Ask Jill:

What You Should Know About Open Enrollment (Part I)

A monthly Q&A with Jill Schlesinger, CFP®, host of the Jill on Money podcast

Disclaimer: Jill Schlesinger is an ambassador for Marcus by Goldman Sachs and has received financial compensation. However, all thoughts and opinions are hers.

Marcus by Goldman Sachs is the sponsor of the Jill on Money podcast, featuring Jill Schlesinger, a Certified Financial Planner, CBS News Business Analyst and author of the new book “The Dumb Things Smart People Do With Their Money”. Listen to her podcast on Apple and Stitcher.

The Scenario:

Open enrollment season is quickly approaching and the choices can be overwhelming.

The Question:

What do I need to know for the upcoming open enrollment season to make the most out of my employer’s benefits?

Jill’s Take:

It’s that time of year, when you are confronted by open enrollment nudges from your employer and in some cases, from the government. The choices can be dizzying, so to help you make more informed decisions, let’s break it out into broad categories.

Up first: healthcare and insurance coverage.

Healthcare coverage

Employer coverage: For 153 million Americans, a Kaiser Family Foundation survey found that this year annual premiums reached $7,188 for single coverage and $20,576 for family health coverage.  

While the headline numbers are eye-popping, you probably care more about your contribution. In 2019, the average annual dollar contributions by covered employees are $1,242 for individuals. For families, average contributions are $6,015, a whopping 25 percent jump since 2014 and 71 percent since 2009. 

Of course it doesn’t stop there. The dreaded deductible can add up to significant additional outlays toward the cost of health care. The average deductible among covered workers for single coverage is $1,655, up 36 percent over the past five years and 100 percent over the last ten years.

So what can you do? Shop around!

Yes, it’s tedious, but it could save you money. Start by reviewing your current plan and what you spent this past year. Then try to project your healthcare costs for the year ahead. Compare the plans your employer offers and determine what they cover, how much they cost (including co-pays and deductibles), and whether your doctors are in-network. 

... insurance companies often change what they cover from year to year, so it behooves enrollees (maybe with the help of family members) to update coverage. 

If you're generally healthy and don’t want to pay high premiums, High Deductible Health Plan (HDHP) paired with a tax advantaged Health Savings Account (HSA), may be an attractive choice. Or if you're near retirement, it may make sense because the money in the HSA can be used to offset costs of medical care after retirement.

HDHPs offer lower premiums and HSAs allow you to set aside pre-tax money to pay for qualified medical expenses. The trade-off is that HDHPs have a high deductible (at least $1,350 in 2019).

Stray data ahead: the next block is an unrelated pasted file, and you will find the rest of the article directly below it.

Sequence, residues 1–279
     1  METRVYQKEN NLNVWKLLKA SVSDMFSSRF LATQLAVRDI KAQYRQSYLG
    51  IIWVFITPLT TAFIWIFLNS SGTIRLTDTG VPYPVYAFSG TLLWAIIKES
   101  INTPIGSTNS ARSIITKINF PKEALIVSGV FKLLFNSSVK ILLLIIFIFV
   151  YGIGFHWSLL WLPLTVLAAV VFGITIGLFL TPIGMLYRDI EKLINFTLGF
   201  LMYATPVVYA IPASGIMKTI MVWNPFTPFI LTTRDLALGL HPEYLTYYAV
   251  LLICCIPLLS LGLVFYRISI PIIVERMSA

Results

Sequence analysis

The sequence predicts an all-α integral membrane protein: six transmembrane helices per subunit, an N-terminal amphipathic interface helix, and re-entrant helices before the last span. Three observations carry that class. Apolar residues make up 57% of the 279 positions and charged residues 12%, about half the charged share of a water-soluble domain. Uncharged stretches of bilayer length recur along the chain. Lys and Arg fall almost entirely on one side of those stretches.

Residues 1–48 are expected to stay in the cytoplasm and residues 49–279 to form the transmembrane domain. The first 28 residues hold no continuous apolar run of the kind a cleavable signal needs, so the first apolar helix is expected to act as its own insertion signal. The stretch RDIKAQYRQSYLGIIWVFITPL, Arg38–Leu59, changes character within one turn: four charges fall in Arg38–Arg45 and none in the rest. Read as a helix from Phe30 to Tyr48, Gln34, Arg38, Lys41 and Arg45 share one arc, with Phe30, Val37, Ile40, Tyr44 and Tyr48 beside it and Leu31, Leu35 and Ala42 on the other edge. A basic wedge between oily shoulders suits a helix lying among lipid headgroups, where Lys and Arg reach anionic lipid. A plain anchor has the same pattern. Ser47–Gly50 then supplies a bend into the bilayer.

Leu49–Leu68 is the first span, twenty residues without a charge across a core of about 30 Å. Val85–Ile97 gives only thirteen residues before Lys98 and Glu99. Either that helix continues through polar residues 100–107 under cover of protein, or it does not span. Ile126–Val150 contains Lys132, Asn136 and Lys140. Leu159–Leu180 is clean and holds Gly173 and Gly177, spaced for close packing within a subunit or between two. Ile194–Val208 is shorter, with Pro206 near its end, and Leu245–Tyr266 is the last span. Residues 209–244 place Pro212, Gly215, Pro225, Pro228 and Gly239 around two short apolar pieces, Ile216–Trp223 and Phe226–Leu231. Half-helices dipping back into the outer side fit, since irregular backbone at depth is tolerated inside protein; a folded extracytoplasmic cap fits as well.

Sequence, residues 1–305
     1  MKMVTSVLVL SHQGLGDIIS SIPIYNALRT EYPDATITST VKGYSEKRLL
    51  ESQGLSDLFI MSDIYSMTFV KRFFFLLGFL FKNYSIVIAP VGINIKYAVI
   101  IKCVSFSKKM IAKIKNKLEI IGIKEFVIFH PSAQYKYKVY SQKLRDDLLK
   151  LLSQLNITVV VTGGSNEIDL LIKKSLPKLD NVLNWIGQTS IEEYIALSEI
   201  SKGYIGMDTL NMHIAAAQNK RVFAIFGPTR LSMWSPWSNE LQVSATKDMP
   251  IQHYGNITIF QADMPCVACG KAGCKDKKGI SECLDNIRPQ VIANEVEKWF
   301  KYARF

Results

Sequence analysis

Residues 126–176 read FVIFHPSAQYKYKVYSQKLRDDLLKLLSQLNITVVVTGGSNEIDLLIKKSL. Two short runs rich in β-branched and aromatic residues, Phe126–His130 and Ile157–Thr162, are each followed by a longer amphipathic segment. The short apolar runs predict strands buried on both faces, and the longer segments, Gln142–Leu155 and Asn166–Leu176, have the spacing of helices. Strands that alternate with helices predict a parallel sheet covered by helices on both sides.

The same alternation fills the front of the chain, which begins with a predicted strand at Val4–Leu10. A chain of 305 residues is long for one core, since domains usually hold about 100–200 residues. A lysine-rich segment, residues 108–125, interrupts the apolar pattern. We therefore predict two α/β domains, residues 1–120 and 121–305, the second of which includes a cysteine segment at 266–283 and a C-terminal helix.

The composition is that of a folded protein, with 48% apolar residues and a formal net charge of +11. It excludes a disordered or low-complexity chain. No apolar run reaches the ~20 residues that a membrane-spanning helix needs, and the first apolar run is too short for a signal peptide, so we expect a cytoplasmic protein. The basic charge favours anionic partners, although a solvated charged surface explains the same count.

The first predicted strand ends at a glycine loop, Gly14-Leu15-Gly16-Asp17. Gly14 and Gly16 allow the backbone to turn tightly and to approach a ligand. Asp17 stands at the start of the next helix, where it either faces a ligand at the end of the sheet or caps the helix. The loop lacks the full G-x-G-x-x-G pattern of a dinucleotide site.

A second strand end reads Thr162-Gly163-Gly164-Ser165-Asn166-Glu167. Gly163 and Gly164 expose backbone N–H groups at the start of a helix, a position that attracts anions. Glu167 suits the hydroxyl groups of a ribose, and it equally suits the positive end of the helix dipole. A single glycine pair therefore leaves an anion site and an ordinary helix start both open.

So on the other hand, if you think you might need expensive medical care in the next year and would find it hard to meet a high deductible, it might not be your best option. The IRS has specific contribution and deduction rules about HSA contribution limits, so be sure to check them out.

Flexible Spending Accounts (FSAs) – which differ from HSAs – do not require that you have an HDHP. FSAs allow you to set aside $2,700 in pre-tax dollars in 2019 (2020 limits have not yet been announced) to pay medical expenses not covered by other health plans. These expenses may include co-pays, deductibles and a variety of medical products and services ranging from dental and vision care to eyeglasses and hearing aids. If the plan allows, the employer may also contribute to an employee’s FSA. 

FSAs are subject to a “use-it-or-lose it” provision, which means that employees often must incur eligible expenses by the end of the plan year or forfeit any unspent amounts. If a FSA plan has a carryover option, employees can carry over up to $500 of unused FSA funds to the following plan year. 

Medicare: Open enrollment for the nation’s health care plan for those over age 65 runs from October 15 through December 7. While most continue whatever coverage they have, they do so at their own risk. The reason is simple: insurance companies often change what they cover from year to year, so it behooves enrollees (maybe with the help of family members) to update coverage. Visit the Medicare Plan Finder to compare plans and select what is right for you.

Affordable Care Act (ACA): The 2020 Open Enrollment Period runs from November 1 to December 15. If you miss the deadline because of certain life events, you may be able to qualify for a Special Enrollment Period.

Insurance coverage

If you’re thinking about getting life insurance, there’s a good chance you might need it. Many companies offer affordable group rates for life, disability and long term care insurance, so you should definitely explore these options.

This is a case where the buying power of a big group (aka your employer) can help you find coverage that may not be available in the open market. This is especially true when it comes to disability and long term care insurance, both of which are notoriously expensive in the private market.

The most important thing to determine is whether the coverage is "portable", which means that you can take the policy with you if you leave the company.

This article is for informational purposes only and is not a substitute for individualized professional advice. Articles on this site were commissioned and approved by Marcus by Goldman Sachs®, but may not reflect the institutional opinions of The Goldman Sachs Group, Inc., Goldman Sachs Bank USA or any of their affiliates, subsidiaries or divisions.